Can’t end ‘mafia raj’ in first year, says Manpreet Badal | punjab | Hindustan Times
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Can’t end ‘mafia raj’ in first year, says Manpreet Badal

The Congress came to power in Punjab promising an end to the ‘mafia raj’ of the Akalis. But between idealism promised in its poll manifesto and making money to keep the cashstarved state afloat, the Captain Amarinder Singh government has opted for the latter.

punjab Updated: Apr 25, 2017 09:06 IST
Sukhdeep Kaur
Punjab finance minister Manpreet Badal.
Punjab finance minister Manpreet Badal.(HT Photo)

The Congress came to power in Punjab promising an end to the ‘mafia raj’ of the Akalis.

But between idealism promised in its poll manifesto and making money to keep the cashstarved state afloat, the Captain Amarinder Singh government has opted for the latter.

And it is business as usual for the many “mafias” run by Akali and Congress leaders. Like it was before, a majority of liquor contracts in last month’s auctions and draw of lots have gone to politicians, both Akali and Congress.

Ironically, since the previous Badal government has left the state coffers empty, the incumbent government feels it has no choice but to let the Akalis with “deep pockets” to dominate sand mining, liquor and transport businesses to generate revenue for the state.

Finance minister Manpreet Badal is candid in admitting that like liquor, contracts of sand mines to be auctioned this month may go to the Akalis as the state has opted for progressive bidding (contract goes to highest bidder).

“Our government was sworn in on March 16. It was imperative for us to hold liquor auction by March 31. We had no breathing space. Similarly, we have to auction mines as the demand for sand and gravel is high in summers. The probability of Akalis bagging them is high as they have the cash. We cannot put the dagger through them so soon,” the finance minister said.

On decision to go for progressive bidding, he said the state needs revenue. “Last year, we made just Rs 43 crore from sand mining. Our target this year is Rs 350 crore,” he said.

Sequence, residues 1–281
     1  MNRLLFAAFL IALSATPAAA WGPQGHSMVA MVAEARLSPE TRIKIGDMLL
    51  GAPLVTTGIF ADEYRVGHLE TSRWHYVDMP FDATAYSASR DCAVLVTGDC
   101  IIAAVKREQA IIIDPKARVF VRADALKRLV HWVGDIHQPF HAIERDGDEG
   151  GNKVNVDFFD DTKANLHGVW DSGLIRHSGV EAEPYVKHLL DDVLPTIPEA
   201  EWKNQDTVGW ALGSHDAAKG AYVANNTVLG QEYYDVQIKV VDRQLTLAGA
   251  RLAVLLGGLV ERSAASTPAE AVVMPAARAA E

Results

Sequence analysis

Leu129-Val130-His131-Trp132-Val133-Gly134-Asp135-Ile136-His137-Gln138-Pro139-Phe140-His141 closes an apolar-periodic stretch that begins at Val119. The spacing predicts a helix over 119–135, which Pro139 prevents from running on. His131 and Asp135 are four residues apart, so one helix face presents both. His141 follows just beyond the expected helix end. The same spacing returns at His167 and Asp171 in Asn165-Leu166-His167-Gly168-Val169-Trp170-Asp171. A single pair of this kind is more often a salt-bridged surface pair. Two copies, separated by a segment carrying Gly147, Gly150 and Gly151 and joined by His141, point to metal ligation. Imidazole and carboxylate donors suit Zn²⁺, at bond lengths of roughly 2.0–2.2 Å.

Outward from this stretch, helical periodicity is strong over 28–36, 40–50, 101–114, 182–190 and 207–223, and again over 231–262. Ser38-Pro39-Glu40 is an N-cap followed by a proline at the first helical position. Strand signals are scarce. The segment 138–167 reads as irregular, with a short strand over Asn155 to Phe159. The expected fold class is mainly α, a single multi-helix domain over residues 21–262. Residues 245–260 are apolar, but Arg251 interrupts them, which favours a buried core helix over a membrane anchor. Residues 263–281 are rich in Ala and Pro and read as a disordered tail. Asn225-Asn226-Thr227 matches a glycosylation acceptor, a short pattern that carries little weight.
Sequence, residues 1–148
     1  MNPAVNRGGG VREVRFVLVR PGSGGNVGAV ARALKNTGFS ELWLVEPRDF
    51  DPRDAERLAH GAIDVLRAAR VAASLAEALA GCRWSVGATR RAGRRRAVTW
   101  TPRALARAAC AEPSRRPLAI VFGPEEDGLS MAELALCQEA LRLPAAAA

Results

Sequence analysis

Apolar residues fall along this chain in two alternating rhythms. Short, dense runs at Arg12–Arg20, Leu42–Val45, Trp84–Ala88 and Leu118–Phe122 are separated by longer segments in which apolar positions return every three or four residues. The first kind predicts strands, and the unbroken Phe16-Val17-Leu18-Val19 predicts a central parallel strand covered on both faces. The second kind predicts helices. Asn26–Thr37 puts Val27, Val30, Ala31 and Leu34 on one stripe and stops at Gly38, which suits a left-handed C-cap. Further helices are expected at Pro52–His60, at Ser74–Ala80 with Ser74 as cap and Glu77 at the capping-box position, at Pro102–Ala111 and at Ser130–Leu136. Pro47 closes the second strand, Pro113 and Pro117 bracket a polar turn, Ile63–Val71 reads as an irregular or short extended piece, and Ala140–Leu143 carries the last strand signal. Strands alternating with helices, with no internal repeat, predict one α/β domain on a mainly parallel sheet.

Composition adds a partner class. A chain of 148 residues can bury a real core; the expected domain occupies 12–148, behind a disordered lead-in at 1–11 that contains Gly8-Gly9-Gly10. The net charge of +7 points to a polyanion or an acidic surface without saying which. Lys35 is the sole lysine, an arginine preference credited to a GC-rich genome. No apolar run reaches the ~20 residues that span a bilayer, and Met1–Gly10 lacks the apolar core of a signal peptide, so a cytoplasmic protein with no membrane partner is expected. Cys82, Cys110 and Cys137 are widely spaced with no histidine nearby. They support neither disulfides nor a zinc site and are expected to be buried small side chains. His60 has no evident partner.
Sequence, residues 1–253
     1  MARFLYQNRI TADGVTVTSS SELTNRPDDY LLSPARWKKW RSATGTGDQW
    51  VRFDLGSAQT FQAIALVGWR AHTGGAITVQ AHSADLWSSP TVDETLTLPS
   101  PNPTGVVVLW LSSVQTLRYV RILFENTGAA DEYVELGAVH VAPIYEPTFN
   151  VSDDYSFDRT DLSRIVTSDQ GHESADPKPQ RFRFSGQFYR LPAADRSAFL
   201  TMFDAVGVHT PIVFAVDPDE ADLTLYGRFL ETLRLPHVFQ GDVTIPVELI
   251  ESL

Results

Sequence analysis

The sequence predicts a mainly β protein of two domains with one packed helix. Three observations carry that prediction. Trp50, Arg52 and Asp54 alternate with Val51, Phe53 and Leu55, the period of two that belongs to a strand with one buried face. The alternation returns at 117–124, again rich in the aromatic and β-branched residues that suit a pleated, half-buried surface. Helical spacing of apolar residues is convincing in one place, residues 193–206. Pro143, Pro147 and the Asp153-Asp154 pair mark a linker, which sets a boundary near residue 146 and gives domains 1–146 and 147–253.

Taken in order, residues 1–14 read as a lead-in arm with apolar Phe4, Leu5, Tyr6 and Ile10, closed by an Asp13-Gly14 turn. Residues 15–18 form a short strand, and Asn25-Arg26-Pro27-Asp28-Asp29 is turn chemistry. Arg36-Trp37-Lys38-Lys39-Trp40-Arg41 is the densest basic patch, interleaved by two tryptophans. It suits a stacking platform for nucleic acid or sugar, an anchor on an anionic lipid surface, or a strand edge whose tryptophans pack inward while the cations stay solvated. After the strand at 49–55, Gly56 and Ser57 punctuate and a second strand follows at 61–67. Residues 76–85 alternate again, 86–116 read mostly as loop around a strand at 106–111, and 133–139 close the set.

PARTY NO BAR: HOW POLITICAL STAKES ADD UP IN LIQUOR
  • In change of guard in Punjab, only the ‘majority stakes’ seem to change in business. Like before, both Akalis and Congress leaders have got the biggest pie in the liquor trade.
  • Congress MLAs Amrik Dhillon and Balbir Sidhu have bagged contracts in Ropar, Sangrur and Patiala districts, while Gurdaspur and Fatehgarh Sahib have gone to firms patronised by Gurmehar Majithia, elder brother of former SAD minister Bikram Majithia.
  • Former SAD MLA Deep Malhotra has bagged contracts in Faridkot and Bathinda districts and Shiv Lal Doda, who is in jail in a murder case, is the new ‘liquor king’ of Punjab through his brother Avinash Doda, who has bagged lion’s share in Ludhiana and stakes in Barnala, Moga and Ferozepur.
  • Principal secretary, excise and taxation, Anurag Aggarwal, said the government gave option of draw of lots but contractors did not participate. “So, in the second round, we made large groups,” he said. Excise and taxation commissioner VP Singh did not provide any details.

The proponent of the proposed ‘conflict of interest’ law that was to disqualify ministers and MLAs profiting from businesses under the state, Manpreet is also now talking realpolitik. “It was farfetched to include MLAs under the ambit of this law. It would only cover the ministers. In Punjab, the culture is you have to be in politics to do business. It will take us time to end this culture. It cannot be done in a day. The previous government spent criminally. The bureaucracy too is to blame for letting the rape of Punjab take place. If not of commission, they are guilty of acts of omission,” he said.

But he argued that by next year, the Congress government will come to grips with the situation. “In our second year, we may opt for Tamil Nadu or Delhi model and the state itself will sell liquor. We will also rework the mining policy to eliminate the political mafia,” he said.

“The progressive bidding will also help in bringing down the margin of contractors as they will have to bid higher. It will not jack up sand prices as the supply will be more than the demand,” a senior official said.